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Last updated on Tuesday, October 15, 2013
(UNDATED) - Hoosier cornfields may produce a record crop this year as farmers begin their harvest.
Purdue agronomist Chris Hurt says corn growers benefited from ideal weather this year: a wet spring followed by a cool summer. He says Indiana is on track for 166 bushels of corn per acre, and there's still time to surpass the record of 171 set four years ago.
The bumper crop is especially welcome after last year's drought, which Hurt says left 30-percent of Hoosier grain-processing capacity idle.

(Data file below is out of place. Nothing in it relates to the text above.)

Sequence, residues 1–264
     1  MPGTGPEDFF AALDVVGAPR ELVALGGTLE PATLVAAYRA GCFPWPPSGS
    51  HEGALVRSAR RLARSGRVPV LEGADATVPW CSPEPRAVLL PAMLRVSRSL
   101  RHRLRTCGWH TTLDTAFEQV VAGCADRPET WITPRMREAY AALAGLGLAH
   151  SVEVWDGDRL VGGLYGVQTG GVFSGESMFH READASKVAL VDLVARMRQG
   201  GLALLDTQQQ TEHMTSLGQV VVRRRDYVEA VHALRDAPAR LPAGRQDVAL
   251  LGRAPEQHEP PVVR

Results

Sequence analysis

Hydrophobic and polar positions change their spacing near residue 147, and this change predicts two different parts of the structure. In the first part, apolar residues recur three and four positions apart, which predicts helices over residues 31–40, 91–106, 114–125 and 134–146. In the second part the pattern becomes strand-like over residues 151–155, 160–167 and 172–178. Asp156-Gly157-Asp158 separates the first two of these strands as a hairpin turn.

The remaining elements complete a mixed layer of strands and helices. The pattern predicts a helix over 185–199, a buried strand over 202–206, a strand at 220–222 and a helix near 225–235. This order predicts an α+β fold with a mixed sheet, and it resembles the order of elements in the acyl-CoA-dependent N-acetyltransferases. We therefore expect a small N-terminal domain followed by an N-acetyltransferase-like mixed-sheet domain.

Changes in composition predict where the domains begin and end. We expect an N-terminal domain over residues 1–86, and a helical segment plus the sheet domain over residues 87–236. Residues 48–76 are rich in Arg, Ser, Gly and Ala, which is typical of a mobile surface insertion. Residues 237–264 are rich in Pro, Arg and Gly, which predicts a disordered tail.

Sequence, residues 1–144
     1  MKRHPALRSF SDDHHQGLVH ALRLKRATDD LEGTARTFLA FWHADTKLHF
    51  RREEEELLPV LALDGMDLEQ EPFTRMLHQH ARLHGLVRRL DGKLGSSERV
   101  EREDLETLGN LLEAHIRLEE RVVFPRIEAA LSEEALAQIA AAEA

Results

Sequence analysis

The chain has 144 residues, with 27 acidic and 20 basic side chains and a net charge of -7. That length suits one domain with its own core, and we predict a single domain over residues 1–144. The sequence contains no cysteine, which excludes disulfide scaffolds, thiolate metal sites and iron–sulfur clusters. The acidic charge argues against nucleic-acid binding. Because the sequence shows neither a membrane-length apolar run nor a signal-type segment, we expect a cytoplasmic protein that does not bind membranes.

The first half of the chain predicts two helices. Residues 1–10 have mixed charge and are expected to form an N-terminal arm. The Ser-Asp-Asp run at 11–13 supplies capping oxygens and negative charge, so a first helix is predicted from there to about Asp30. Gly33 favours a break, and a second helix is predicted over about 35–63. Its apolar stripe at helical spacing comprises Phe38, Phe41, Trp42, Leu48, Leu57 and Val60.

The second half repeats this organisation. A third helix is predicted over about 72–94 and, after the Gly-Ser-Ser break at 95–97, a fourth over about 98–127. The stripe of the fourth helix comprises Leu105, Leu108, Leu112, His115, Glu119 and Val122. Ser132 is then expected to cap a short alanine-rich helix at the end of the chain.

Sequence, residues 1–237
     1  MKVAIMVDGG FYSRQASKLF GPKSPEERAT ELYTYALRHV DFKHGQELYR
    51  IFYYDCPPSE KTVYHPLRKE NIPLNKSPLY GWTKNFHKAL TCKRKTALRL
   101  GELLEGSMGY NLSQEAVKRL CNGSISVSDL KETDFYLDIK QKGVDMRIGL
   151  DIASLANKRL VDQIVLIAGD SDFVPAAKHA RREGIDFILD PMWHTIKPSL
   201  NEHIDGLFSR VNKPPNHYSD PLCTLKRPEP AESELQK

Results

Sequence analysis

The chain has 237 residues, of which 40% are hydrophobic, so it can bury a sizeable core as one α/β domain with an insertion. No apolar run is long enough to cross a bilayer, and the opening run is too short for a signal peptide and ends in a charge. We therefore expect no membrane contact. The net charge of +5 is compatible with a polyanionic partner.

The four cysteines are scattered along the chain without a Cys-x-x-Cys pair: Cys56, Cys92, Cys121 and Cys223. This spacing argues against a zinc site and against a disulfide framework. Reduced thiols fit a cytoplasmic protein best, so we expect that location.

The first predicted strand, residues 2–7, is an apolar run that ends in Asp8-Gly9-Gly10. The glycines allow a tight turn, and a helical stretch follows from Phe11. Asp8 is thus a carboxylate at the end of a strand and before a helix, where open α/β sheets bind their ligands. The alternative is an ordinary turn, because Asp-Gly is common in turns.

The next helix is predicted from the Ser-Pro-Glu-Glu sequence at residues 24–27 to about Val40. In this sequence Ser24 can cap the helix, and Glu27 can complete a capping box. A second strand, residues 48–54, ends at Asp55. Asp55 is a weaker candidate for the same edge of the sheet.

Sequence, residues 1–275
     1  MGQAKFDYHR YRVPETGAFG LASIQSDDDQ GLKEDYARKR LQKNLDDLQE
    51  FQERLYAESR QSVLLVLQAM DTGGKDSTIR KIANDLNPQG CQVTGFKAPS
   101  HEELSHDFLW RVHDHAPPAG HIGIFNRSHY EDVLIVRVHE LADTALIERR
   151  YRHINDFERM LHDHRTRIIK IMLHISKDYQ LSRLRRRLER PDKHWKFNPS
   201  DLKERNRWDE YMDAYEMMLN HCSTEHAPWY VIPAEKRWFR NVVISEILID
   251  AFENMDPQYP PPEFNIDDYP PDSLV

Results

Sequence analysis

Indiana's other big crop, soybeans, isn't faring as well. A dry August and September hit too late to do any harm to corn or wheat yields, but did put a dent in soybean productivity.
Hurt says, "We expect around a fifty bushel yield as average. This year the USDA is talking about 48 bushels so very close to average but maybe a bit under. Certainly on corn we are talking somewhat above average crop, and it may end up being a very good crop."
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